I honestly don’t like this type of attention to detail.
I have a professional bookkeeper/accountant who I outsource it to.
I like to ignore the detail part of finances, but entrepreneurs really can’t.
I was anxious to hear what some real accountants had to say. Luckily, I have someone in my network who is an accomplished accountant and bookkeeper, and someone I count as a good friend.
Valerie Gonyea is someone I was blessed to meet in person, and then share some meals and several conversations with over the years.
Here is part of her feedback on Eight Lunches:
OK, yes, I know I am right up against your requested deadline, but I wanted to be sure that I read – and absorbed – the whole thing.
I’ll just start out with my **only** negative comment, which is that this is not my favorite type of book format, the “ongoing conversation”. But because it was YOU talking, it was much easier for me to appreciate. If I didn’t know and respect you the way I do, I probably wouldn’t be drawn to this “conversation”. That’s just me, though.
That said, I am thrilled you did this project. Although very little of the content seemed new to me, I believe that is because I read your blog so there are many common themes, obviously. They are all very good themes and very, very relevant. I can only guess that many people try to pick your brain in this way and so this book will be a great way to short-circuit those precious time-suck conversations.
… I get the homework each chapter, is there more to them? I know you follow up with some email correspondence for clarifications, but it seems like you could add some more self-reflective questions at the end of each chapter, whether you relate them to your convo or not.
This stuff is NOT natural for most people to think about when they are just getting started so maybe add some additional questions at the end of each chapter that really forces the reader to think beyond their comfort zone…or worse what they THINK they know! This is particularly relevant to lunch 3: Packages.
I, of course, really appreciate the chapter about finances. One thing that Paul says is that he’s missed entering some expenses and you make a comment about this being more of a chore part of a business rather than a key focus.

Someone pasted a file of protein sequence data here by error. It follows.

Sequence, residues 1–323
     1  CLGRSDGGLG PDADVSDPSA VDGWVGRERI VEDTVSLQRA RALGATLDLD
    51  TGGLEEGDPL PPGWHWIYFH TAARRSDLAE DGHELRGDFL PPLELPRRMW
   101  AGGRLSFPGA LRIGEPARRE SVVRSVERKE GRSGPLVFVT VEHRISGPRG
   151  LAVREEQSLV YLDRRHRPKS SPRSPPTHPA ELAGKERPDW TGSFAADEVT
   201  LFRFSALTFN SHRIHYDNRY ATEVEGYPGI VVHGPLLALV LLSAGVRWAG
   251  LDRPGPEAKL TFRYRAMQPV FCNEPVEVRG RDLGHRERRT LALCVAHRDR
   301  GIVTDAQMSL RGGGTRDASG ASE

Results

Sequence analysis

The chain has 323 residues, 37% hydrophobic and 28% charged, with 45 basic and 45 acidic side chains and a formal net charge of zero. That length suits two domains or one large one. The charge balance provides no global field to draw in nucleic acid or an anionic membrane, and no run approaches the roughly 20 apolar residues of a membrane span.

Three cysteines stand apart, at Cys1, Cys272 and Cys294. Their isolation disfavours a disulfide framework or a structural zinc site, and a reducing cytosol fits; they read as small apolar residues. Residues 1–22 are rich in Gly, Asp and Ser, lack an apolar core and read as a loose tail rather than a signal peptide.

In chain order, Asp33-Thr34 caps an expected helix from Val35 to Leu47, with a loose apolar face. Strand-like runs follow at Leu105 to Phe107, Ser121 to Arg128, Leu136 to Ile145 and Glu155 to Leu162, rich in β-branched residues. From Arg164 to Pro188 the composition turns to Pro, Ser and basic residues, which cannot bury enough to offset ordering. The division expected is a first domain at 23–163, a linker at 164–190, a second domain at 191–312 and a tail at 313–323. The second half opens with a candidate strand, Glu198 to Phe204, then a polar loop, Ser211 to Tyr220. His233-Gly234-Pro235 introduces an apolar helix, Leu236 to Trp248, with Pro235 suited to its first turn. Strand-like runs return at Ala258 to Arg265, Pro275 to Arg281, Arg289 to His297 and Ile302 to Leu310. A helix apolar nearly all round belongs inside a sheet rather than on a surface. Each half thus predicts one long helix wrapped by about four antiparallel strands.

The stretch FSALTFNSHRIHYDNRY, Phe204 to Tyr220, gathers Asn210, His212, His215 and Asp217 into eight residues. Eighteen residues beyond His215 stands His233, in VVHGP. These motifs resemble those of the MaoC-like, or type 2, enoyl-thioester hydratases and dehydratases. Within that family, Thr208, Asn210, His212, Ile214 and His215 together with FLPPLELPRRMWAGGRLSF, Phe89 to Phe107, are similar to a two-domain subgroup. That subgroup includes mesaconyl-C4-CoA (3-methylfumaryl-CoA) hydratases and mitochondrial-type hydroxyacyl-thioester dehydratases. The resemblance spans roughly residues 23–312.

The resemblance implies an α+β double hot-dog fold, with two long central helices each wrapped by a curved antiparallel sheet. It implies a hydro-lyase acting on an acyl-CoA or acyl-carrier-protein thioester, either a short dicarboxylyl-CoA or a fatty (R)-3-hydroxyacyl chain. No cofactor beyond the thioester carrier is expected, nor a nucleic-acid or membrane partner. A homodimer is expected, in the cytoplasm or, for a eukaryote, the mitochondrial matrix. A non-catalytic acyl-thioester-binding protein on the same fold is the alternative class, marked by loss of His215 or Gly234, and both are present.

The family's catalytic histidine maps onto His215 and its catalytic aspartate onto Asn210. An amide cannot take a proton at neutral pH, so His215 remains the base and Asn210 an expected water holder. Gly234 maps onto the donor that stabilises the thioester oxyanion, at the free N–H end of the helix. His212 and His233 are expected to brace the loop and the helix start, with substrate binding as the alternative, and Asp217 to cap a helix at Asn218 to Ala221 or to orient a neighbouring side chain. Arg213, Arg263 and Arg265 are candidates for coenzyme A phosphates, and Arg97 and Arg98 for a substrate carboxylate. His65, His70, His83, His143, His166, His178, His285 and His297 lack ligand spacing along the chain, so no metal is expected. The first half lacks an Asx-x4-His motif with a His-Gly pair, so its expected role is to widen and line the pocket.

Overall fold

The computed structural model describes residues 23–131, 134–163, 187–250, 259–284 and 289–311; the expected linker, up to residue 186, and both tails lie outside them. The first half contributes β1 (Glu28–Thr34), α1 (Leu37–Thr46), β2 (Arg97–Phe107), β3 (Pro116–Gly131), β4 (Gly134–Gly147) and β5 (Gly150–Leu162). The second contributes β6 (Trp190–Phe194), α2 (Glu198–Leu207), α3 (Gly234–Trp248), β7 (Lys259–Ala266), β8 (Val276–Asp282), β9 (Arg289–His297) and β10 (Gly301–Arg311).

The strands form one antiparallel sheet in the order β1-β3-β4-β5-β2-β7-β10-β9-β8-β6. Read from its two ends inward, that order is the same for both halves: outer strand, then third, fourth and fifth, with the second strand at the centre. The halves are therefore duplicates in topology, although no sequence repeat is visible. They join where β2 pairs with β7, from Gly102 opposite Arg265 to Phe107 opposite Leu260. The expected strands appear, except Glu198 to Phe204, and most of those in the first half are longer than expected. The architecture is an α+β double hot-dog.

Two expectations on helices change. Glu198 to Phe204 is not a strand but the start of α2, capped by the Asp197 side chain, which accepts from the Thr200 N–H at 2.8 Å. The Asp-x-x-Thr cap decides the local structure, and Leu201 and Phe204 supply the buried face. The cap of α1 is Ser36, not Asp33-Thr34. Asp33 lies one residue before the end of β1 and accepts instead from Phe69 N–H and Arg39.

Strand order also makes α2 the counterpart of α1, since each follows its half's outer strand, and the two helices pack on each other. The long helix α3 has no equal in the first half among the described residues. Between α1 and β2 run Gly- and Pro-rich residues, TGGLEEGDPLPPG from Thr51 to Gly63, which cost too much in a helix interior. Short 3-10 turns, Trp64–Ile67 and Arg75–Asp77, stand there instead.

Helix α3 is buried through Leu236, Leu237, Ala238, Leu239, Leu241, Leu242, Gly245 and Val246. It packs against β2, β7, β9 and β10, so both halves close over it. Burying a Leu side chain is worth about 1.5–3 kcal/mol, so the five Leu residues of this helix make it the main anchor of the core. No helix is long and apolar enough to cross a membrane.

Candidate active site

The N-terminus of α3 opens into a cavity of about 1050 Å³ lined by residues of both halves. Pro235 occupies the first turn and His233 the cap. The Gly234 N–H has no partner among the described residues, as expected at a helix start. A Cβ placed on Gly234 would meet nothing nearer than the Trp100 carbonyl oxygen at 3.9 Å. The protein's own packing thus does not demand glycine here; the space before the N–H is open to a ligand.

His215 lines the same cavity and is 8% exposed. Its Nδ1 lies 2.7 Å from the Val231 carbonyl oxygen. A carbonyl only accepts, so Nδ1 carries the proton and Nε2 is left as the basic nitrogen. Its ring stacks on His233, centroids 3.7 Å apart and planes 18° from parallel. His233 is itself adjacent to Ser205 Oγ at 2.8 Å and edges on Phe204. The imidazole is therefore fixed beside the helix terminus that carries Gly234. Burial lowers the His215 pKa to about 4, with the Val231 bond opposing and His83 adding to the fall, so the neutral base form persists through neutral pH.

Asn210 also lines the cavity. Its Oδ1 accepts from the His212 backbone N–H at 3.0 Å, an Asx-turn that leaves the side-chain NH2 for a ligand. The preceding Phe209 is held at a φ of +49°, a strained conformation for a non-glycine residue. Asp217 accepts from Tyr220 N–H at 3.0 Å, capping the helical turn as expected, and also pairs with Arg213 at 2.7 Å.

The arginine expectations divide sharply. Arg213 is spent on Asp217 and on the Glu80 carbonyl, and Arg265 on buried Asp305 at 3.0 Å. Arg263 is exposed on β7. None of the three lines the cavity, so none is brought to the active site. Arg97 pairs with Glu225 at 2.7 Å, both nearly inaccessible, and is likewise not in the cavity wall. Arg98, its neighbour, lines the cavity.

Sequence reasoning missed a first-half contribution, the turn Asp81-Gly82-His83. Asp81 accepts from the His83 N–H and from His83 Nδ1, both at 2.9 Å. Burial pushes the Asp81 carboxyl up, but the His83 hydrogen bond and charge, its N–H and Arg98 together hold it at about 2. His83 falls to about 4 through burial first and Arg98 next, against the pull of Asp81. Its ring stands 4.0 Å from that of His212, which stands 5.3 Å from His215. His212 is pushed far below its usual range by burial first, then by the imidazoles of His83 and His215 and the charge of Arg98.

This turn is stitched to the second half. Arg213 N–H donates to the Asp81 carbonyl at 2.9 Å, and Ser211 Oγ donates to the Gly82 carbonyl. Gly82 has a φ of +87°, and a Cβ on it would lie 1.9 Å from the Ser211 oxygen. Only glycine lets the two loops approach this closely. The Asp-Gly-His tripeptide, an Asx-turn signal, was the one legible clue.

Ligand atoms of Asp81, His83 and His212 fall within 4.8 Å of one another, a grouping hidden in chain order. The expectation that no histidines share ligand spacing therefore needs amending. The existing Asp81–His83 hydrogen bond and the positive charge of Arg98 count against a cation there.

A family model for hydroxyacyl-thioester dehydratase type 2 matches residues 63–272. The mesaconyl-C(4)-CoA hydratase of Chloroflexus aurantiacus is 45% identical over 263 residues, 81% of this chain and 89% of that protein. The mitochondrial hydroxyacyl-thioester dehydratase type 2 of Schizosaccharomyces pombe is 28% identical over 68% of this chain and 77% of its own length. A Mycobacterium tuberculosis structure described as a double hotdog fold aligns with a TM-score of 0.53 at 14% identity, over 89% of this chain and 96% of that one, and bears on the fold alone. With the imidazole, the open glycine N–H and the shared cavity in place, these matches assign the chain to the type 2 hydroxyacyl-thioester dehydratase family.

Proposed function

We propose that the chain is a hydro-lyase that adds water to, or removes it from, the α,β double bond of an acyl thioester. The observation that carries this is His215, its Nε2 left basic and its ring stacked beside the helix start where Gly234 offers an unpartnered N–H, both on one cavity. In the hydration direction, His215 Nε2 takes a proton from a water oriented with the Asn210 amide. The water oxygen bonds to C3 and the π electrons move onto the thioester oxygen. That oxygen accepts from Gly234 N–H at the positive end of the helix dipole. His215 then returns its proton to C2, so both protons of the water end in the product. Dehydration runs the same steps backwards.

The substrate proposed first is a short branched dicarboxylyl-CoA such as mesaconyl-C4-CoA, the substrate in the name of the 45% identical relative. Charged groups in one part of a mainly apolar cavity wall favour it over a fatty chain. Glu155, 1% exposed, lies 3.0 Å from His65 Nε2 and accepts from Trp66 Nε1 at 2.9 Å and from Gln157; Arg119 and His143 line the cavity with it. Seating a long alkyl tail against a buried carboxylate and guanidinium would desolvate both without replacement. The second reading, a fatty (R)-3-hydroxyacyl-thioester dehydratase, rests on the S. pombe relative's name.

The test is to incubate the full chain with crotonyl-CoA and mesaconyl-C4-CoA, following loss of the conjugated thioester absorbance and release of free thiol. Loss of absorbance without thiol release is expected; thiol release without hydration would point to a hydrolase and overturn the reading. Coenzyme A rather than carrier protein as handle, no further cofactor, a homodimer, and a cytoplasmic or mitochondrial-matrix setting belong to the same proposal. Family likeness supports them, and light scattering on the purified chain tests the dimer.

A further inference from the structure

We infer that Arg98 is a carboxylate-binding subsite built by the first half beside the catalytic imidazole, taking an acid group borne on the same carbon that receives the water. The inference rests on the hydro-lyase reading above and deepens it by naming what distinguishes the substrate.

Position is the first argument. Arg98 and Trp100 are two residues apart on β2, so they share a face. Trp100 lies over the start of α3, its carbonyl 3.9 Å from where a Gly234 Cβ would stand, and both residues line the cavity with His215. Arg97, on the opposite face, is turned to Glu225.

I don’t want this to sound self-serving but a good bookkeeper for 3 hours/week at $40-$70 per hour could really help with this. Paul could get some referrals and as long as he is able to give CLEAR direction as to how expenses should be categorized (and a GOOD BK can help him get clear on this) then he can get more focused on his main goals, sales and marketing. I mean I have one client who has very thin margins and he is very particular about how the expenses get categorized…we work well together because I am equally careful and I ask questions when I am unsure. I HELP him stay focused on the business and my cost is a true business benefit. Just my .02 on that.
I also think that you could clarify that this is really a 2 step process, the first step is the uncomfortable number crunching but the payoff is to get to the second step which is the conclusion drawing, as you call it.
random thought: somewhere in the passive revenue/packages convo maybe relate to ordering at a fast food restaurant….look I HATE that stuff and I really resist doing it if there is ever a better option, but in a pinch, I know I can drive up to a window and order a #3 and get a burger, fries and a drink, addressing all of my needs so I can focus on what I am actually trying to get done that day. Again, just a random thought.
Isn’t she amazing? Thank you for taking the time to read and absorb it… !
Valerie had some other excellent suggestions, which I’m incorporating into the book.
It pays to know awesome people!